The authors report no conflicts of interest.
Comparison of direct and indirect methods of intra-abdominal pressure measurement in normal horses
Article first published online: 9 DEC 2009
© Veterinary Emergency and Critical Care Society 2009
Journal of Veterinary Emergency and Critical Care
Volume 19, Issue 6, pages 545–553, December 2009
How to Cite
Munsterman, A. S. and Hanson, R. R. (2009), Comparison of direct and indirect methods of intra-abdominal pressure measurement in normal horses. Journal of Veterinary Emergency and Critical Care, 19: 545–553. doi: 10.1111/j.1476-4431.2009.00482.x
- Issue published online: 9 DEC 2009
- Article first published online: 9 DEC 2009
- bladder pressure;
- intraperitoneal pressure;
- intravesicular pressure
Objectives – To develop a direct method for measuring intra-abdominal pressures in the standing horse, identify a reference interval for direct intra-abdominal pressures, compare these pressures to indirect intra-abdominal pressures measured from the bladder, and determine the optimal bladder infusion volume for indirect pressure measurement.
Design – Prospective, experimental study.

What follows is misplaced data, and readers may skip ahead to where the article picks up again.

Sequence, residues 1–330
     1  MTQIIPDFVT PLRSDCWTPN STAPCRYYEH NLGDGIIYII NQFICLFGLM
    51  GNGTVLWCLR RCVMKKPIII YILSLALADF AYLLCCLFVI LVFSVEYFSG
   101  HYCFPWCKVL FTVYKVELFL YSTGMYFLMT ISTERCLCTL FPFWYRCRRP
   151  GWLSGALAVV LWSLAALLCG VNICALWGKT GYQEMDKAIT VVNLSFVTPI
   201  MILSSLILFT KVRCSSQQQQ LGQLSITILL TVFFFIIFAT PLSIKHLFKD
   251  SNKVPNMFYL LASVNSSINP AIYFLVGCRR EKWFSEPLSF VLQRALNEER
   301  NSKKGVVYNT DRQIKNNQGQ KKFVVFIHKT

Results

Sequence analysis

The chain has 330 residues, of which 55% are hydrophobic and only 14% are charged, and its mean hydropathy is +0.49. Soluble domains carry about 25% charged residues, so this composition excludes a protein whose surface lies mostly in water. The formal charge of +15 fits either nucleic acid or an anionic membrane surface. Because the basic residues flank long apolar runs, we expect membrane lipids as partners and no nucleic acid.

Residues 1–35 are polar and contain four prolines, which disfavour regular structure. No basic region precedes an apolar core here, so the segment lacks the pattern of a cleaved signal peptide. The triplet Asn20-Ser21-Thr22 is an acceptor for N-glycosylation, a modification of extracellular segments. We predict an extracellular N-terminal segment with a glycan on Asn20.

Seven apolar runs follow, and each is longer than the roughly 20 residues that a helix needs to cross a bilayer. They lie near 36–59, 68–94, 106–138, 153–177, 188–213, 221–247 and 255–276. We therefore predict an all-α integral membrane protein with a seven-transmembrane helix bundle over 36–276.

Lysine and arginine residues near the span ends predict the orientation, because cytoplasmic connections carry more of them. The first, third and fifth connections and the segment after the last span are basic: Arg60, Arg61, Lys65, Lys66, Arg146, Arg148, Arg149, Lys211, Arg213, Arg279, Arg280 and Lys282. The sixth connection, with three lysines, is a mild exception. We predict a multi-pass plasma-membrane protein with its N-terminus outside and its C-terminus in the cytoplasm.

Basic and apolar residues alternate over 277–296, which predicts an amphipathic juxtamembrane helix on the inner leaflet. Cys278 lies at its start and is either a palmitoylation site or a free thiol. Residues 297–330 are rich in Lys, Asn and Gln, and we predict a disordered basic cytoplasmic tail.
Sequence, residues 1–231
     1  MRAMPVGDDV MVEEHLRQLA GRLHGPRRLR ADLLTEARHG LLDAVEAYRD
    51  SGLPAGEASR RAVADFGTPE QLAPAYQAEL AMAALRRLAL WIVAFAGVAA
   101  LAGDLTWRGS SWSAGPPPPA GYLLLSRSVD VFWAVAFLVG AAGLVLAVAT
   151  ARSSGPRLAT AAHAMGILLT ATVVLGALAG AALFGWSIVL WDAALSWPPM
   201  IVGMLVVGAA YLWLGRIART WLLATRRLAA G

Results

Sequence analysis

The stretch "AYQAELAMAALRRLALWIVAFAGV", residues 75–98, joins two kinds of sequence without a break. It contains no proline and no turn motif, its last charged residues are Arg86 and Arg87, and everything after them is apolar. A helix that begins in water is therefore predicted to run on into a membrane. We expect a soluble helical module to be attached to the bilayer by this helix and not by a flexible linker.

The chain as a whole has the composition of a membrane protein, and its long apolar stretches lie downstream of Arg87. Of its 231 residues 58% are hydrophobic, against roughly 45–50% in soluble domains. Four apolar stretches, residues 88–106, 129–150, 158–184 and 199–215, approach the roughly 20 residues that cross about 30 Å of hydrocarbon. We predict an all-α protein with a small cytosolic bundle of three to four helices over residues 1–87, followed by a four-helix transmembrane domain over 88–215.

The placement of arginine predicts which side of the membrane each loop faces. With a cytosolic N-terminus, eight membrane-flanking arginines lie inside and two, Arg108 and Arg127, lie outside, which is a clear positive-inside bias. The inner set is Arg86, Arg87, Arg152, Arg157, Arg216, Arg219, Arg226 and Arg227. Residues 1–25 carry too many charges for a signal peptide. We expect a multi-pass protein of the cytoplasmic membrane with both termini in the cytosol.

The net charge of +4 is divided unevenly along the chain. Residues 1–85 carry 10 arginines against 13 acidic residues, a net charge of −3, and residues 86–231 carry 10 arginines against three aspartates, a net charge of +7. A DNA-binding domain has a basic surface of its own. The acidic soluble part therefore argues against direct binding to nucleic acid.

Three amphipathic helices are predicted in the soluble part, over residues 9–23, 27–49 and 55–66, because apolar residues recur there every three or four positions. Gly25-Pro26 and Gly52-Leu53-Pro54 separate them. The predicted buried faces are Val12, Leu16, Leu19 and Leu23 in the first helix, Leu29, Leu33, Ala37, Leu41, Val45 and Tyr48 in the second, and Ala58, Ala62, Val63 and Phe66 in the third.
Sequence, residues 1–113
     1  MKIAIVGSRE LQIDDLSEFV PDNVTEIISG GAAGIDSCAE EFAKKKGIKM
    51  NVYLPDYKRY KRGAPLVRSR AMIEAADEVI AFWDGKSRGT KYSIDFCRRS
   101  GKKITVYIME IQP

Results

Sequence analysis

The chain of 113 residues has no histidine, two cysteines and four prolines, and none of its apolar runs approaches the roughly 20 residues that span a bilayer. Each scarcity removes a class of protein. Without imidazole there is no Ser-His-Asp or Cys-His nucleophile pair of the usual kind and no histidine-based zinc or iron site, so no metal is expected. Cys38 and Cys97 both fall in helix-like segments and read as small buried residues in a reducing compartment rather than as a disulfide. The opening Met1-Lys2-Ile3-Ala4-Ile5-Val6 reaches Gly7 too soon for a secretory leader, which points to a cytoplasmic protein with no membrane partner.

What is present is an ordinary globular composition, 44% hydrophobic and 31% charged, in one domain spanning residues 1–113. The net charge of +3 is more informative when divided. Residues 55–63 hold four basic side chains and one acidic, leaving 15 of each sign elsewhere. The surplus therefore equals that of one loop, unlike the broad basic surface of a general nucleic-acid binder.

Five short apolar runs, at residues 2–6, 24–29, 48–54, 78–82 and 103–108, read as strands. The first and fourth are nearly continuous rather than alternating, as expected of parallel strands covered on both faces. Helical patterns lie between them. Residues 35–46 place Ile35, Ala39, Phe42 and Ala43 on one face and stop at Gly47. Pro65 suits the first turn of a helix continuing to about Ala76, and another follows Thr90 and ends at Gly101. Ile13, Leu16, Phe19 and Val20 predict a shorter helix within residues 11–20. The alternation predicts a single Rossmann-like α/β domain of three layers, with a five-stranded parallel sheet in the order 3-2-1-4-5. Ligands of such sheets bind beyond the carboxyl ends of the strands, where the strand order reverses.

Setting – A university-based equine research facility.
Animals – Ten healthy adult horses, 5 males and 5 females.
Interventions – Direct intra-abdominal pressures were measured through an intraperitoneal cannula and zeroed at the height midway between the height of the tuber ishii and point of the shoulder. Indirect measurements of intra-abdominal pressure were performed by measuring intravesicular pressures through a transurethral catheter zeroed at the tuber ishii.
Measurements and Main Results – Direct pressure measurements obtained in the standing horse were subatmospheric (mean, −1.80 cm H2O; SD, 1.61 cm H2O; 95% CI, −2.80 to −0.80) and were shown to decrease as the horse's weight increased (Pearson's r=−0.67, P=0.04), with no effect of head position (P=0.15). Mean baseline indirect pressure measurements (mean, −8.63 cm H2O; SD, 4.37 cm H2O; 95% CI, −13.05 to −4.21) were significantly different from the pressures measured directly from the abdomen (P<0.001). Indirect pressure measurements were noted to increase with increasing volumes infused into the bladder, and were statistically different at a volume of 100 mL (P=0.004). There was low to moderate correlation between direct and indirect pressure measurements of intra-abdominal pressure over a range of fluid volumes infused into the bladder (Pearson's correlation range −0.38 to 0.58).
Conclusion – Pressures measured directly in the standing horse were subatmospheric, and increased as the horse's weight increased. Indirect pressures measured were altered by increasing volumes infused in the bladder. There was no significant correlation between the 2 methods of intra-abdominal pressure measurement.